I guess Big Brother is popular trash TV, and NASA scientists have been trained towards a much higher plane of intellectual sensibility, and watching Big Brother feeds might cause them (the scientists) some spiritual breakdown or something

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        • More seriously, the only difference I heard about between the NASA program and Big Brother, is that NASA participants had daily chores they were supposed to complete as part of the “mission”, whereas in Big Brother, besides the silly comps they have to engage in a couple of times a week, the boredom is the biggest stresser, when they don’t know sometimes if it’s day or night.

          Having said that, if your field of study is the psychology of groups isolated from the outside world stimuli, there’s thousands and thousands of hours of data available, collected in different countries along twenty years, of exactly that. There must be something useful there. It can’t all be trash TV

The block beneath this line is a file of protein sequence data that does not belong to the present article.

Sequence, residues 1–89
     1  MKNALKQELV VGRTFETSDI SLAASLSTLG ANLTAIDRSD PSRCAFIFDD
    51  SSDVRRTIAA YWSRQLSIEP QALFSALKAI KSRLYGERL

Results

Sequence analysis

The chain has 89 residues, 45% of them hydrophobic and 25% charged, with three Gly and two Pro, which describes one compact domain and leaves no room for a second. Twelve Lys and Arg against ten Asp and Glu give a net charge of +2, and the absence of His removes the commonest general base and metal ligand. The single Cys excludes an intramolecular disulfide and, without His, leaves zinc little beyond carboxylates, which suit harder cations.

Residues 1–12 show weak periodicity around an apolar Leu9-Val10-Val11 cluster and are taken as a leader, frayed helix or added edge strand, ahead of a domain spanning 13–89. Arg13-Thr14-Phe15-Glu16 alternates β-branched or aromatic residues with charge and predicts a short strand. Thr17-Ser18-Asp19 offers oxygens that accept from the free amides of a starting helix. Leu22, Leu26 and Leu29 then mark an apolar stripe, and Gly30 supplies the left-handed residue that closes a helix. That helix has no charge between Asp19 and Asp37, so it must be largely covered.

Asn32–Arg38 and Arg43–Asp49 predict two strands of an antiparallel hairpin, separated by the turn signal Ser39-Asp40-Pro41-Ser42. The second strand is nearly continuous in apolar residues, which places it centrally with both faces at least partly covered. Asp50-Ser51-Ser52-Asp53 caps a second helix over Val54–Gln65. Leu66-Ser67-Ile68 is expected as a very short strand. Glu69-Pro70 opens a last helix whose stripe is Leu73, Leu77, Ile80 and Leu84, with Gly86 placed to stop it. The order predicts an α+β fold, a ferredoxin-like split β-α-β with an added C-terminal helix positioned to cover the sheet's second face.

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        • First off, there’d be a lot of confounding variables.

          Starting with the fact that each person is cast specifically to fill a role and lots of those roles are confrontational. People are also aware they are on TV, and acting to suit that. They’re also playing a competitive game that is personality driven.

          I’m not sure you’d get any useful data at all.

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        • Big brother guests are interacting a lot with the production crew – for instance the diary room scenes are mostly them answering one leading question after another (when they’re not just given the answers)